Purpose: To estimate occupation-specific risk of seminomas and nonseminoma subtypes of testicular cancer among Swedish men gainfully employed in 1970 over the period 1971-1989.
Methods: Age-period standardized incidence ratios were computed in a dataset linking cancer diagnoses from the Swedish national cancer register to occupational and demographical data obtained in the census in 1970. Log-linear Poisson models were fitted, allowing for geographical area and town size. Taking occupational sector as a proxy for socioeconomic status, occupational risks were recalculated using intra-sector analyses, where the reference group comprised other occupations in the same sector only. Risk estimators per occupation were also computed for men reporting the same occupation in 1960 and 1970, a more specifically exposed group.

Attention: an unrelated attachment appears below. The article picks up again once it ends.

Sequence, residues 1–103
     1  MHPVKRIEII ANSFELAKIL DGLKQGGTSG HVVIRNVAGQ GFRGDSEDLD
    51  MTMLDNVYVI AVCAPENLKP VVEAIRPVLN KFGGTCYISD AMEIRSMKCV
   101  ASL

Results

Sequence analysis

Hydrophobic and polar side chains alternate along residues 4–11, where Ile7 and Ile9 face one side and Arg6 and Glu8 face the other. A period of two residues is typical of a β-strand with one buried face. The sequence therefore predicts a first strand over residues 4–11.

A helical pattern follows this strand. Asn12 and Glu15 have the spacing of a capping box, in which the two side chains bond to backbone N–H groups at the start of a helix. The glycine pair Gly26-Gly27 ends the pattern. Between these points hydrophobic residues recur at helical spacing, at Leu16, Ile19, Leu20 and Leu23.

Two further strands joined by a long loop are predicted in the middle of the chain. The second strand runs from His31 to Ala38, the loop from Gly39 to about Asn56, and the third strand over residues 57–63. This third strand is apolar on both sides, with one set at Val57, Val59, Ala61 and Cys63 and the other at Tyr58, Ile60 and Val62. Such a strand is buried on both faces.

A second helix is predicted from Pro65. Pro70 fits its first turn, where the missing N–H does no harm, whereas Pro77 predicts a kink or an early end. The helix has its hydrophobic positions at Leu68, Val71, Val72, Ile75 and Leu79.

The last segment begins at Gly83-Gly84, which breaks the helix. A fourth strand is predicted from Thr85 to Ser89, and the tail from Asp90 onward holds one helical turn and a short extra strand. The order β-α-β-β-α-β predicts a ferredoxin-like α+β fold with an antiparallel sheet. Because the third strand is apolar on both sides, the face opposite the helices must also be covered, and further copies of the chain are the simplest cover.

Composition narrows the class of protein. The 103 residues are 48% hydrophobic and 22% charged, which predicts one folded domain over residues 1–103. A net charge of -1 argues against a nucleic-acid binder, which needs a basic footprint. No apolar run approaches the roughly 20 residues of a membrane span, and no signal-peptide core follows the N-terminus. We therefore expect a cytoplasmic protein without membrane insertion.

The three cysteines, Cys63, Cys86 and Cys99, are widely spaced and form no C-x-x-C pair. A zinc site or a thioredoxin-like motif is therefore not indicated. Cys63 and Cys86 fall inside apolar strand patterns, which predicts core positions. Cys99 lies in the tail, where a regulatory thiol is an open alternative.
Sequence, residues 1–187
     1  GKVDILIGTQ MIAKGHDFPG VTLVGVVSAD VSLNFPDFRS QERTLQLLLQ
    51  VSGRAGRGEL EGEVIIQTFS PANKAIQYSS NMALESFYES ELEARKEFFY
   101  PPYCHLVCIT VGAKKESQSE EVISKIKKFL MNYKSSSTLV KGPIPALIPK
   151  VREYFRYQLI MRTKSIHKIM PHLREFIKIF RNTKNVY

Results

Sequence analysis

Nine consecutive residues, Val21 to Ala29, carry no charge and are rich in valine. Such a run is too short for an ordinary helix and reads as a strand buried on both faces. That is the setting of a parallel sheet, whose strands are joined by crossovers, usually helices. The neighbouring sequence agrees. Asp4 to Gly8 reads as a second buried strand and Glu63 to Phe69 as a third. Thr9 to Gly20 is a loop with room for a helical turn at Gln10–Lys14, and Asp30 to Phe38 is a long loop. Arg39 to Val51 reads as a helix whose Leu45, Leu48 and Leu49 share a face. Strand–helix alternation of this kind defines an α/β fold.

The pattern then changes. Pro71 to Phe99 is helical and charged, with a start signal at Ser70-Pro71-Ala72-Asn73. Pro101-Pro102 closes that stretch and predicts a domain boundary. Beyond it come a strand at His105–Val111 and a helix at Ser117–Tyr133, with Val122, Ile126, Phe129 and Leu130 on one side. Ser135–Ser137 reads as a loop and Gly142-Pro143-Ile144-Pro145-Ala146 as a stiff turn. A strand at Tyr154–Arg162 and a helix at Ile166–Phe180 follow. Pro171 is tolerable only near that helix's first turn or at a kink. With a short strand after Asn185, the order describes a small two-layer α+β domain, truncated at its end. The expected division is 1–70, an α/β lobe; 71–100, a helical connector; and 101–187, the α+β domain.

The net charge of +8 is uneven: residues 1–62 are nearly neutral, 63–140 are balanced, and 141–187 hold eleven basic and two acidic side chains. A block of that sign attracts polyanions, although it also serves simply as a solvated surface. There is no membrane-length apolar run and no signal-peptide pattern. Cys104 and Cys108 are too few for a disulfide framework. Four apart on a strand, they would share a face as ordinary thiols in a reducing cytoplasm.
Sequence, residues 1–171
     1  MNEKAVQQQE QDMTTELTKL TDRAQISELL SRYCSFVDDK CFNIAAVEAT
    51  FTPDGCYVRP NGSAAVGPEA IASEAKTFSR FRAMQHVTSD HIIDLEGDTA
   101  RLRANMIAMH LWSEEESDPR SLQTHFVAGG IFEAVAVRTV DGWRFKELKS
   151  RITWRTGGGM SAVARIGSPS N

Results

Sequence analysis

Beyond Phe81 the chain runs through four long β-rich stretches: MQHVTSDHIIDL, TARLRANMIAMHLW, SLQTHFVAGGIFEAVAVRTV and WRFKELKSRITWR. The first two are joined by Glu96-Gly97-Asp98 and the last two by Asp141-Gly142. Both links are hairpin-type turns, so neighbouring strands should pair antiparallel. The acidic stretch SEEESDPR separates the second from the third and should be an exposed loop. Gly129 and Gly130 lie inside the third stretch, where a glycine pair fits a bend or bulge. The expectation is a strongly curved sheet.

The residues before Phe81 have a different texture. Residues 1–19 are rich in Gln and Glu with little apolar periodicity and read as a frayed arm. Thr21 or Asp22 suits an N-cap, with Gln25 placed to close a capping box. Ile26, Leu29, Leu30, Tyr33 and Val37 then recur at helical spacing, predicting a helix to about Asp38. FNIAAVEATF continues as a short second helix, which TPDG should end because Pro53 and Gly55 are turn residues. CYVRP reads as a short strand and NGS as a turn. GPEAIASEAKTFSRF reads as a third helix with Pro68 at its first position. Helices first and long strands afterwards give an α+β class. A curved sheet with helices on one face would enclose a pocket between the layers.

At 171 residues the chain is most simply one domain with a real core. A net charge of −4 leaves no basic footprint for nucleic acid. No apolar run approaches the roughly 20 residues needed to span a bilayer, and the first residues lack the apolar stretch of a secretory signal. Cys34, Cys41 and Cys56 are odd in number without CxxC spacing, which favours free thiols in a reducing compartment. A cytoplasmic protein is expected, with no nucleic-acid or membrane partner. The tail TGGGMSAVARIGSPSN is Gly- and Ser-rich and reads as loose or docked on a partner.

Results: Seminomas and nonseminomas showed a substantial geographical variation. The association between germ-cell testicular tumors and high socioeconomic groups was found mainly for nonseminomas. Positive associations with particular occupations were more evident for seminomas, for which railway stationmasters, metal annealers and temperers, precision toolmakers, watchmakers, construction smiths, and typographers and lithographers exhibited a risk excess. Concrete and construction worker was the only occupation consistently associated with nonseminomas.
Conclusions: Among the many occupations studied, our results corroborate the previously reported increased risk among metal workers, specifically related with seminomatous tumors in this study. Our results confirm the geographical and socioeconomical differences in the incidence of testicular tumors. These factors should be accounted for in occupational studies. The different pattern of occupations related with seminomas and nonseminomas support the need to study these tumors separately.